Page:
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South Africa: Crypto asset ads regulated.

In brief
Crypto asset advertisers should be aware that they must now comply with new regulatory requirements around the publishing of crypt asset advertisements in South Africa. The South African Advertising Regulatory Board’s (ARB) Code of Advertising Practice (“ARB Code“) was broadened to include new requirements for crypto assets in January 2023. Crypto asset advertisers should prioritise compliance with new requirements under the ARB Code because, although the ARB’s rulings are not binding, an adverse decision is usually accepted by the advertising and publishing community and can result in reputational consequences for advertisers.

This article was written by Ashlin Perumall, Corporate/M&A Partner, Fatima Ismail, Associate, and Gabriel Rybko, Candidate Attorney, IPTech Practice, Johannesburg.

Crypto asset advertisements are now regulated in South Africa, and crypto advertisers should be aware of the new requirements applicable to them. The broadening of the ambit of the South African Advertising Regulatory Board’s (ARB) Code of Advertising Practice (“ARB Code“) was announced on Monday, 23 January 2023 and comes hot on the heels of the Financial Sector Conduct of Authority’s declaration in October last year, announcing the classification of crypto assets as a financial product.

The ARB Code lays down a number of general principals relevant to all forms of advertising, and provides for principles applicable to specific categories of advertising in section III. According to the newly inserted clause 17 of section III, advertisements for crypto assets in South Africa must now clearly state that investing in crypto assets may result in the loss of capital, and this warning must not be contradicted by the overall message of the advertisement. Crypto advertisements must be easily understandable for their target audience and provide a balanced message about returns, features, benefits and risks. Rates of return, projects and forecasts must be supported by adequate substantiation, including how these are calculated. Where information is presented about past performance, it must be clear that the past performance is not indicative of future performance. Advertisers who are not registered credit providers must not encourage the purchase of crypto assets on credit, although crypto asset providers are still able to provide information regarding the payment methods that they offer.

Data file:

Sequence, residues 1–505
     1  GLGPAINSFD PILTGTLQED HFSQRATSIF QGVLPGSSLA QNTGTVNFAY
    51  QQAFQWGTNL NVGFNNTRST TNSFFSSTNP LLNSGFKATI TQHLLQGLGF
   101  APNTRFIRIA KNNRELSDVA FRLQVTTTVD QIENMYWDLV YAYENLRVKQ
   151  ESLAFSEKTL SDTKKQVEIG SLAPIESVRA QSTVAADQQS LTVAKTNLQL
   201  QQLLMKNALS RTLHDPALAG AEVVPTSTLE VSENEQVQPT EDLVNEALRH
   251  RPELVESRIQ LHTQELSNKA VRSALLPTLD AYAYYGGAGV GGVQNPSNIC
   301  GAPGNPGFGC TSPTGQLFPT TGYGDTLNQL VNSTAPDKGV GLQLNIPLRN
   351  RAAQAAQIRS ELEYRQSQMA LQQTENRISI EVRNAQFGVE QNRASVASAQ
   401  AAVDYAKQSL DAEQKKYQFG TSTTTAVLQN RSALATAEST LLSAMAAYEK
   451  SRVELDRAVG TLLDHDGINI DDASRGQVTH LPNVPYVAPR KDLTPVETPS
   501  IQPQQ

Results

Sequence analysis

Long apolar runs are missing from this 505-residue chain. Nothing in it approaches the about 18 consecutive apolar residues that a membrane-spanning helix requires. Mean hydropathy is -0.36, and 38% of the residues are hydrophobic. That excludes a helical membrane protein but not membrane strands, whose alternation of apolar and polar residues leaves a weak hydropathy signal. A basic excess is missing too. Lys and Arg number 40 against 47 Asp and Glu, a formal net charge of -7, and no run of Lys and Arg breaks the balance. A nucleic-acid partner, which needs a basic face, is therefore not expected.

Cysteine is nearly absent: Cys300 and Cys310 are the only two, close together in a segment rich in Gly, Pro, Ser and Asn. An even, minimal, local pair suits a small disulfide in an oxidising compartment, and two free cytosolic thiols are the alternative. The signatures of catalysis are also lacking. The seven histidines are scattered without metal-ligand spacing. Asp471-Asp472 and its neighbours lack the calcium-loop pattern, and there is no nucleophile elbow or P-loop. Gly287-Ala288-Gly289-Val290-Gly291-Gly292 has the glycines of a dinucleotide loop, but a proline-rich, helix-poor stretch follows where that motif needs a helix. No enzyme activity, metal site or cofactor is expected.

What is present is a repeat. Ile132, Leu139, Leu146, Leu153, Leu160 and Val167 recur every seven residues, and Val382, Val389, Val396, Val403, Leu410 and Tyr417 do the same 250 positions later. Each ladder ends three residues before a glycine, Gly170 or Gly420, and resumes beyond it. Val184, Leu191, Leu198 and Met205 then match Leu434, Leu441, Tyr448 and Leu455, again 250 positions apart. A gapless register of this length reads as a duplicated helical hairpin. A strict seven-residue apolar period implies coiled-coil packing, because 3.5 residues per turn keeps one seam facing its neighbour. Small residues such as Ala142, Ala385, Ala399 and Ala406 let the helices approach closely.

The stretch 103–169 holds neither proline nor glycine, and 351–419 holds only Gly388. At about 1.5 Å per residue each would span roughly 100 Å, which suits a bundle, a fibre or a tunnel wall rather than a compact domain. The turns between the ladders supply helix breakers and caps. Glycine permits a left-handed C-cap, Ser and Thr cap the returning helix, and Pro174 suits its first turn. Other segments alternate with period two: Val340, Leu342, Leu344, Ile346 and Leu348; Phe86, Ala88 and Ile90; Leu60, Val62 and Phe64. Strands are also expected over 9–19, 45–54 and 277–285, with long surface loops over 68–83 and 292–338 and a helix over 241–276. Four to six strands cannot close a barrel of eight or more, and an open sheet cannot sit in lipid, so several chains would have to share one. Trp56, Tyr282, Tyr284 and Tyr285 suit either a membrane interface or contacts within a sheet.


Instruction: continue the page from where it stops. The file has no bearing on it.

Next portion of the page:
Finally, “influencers” or “ambassadors” who promote crypto on their social media platforms are required to comply with the rules set out in the Social Media Code. “Influencer” advertisements are increasingly popular and are notably misleading because of their proliferation through social media. Influencers who promote crypto assets on behalf of crypto asset service providers must present factual information and may not offer advice on crypto trading and investing, or the benefits associated with trading and investing.

These new requirements put in place by the ARB have come at a fitting time, as the growing demand for crypto assets over the last few years has brought with it a litany of crypto asset related scams, which lure vulnerable consumers with the promise of prosperity. For instance, last year it was revealed that Mirror Trading International (MTI) succeeded in performing the largest cryptocurrency scam in South African history, defrauding investing South African consumers of over ZAR 4.7 billion. Cryptocurrency scams such as these are typically thinly-veiled schemes which seek to beguile millions of unsuspecting consumers. A particularly infamous case was the BitConnect scheme which presented itself as a “high-yield investment program,”. In 2022, a grand jury indicted the founder of BitConnect for USD 2.4 billion on the basis that he had orchestrated a global Ponzi scheme. Fraudulent investment programs such as these are not limited to cryptocurrency, though, and non-fungible tokens have also been found to be utilized for similar ends in the last two years.

Crypto scams typically require advertisements to succeed and gain adoption, typically targeting inexperienced consumers. These advertisements are easily spread through social media, and have a wide and susceptible audience, resulting in the need for better rules to regulate crypto advertising standards.

Compliance with the ARB’s new advertising standards rules should be a priority for crypto asset advertisers, as facing an ARB complaint can result in an adverse finding by the ARB, and although these rulings are not binding, they are generally accepted by the advertising and advertisement publishing community. Perhaps more importantly, an ARB complaint can result in reputational consequences for crypto asset advertisers. These changes to the ARB Code, along with the regulation of crypto assets announced last year, are a clear indication that the crypto regulatory environment is gaining rapid momentum in South Africa.

Source: GCN



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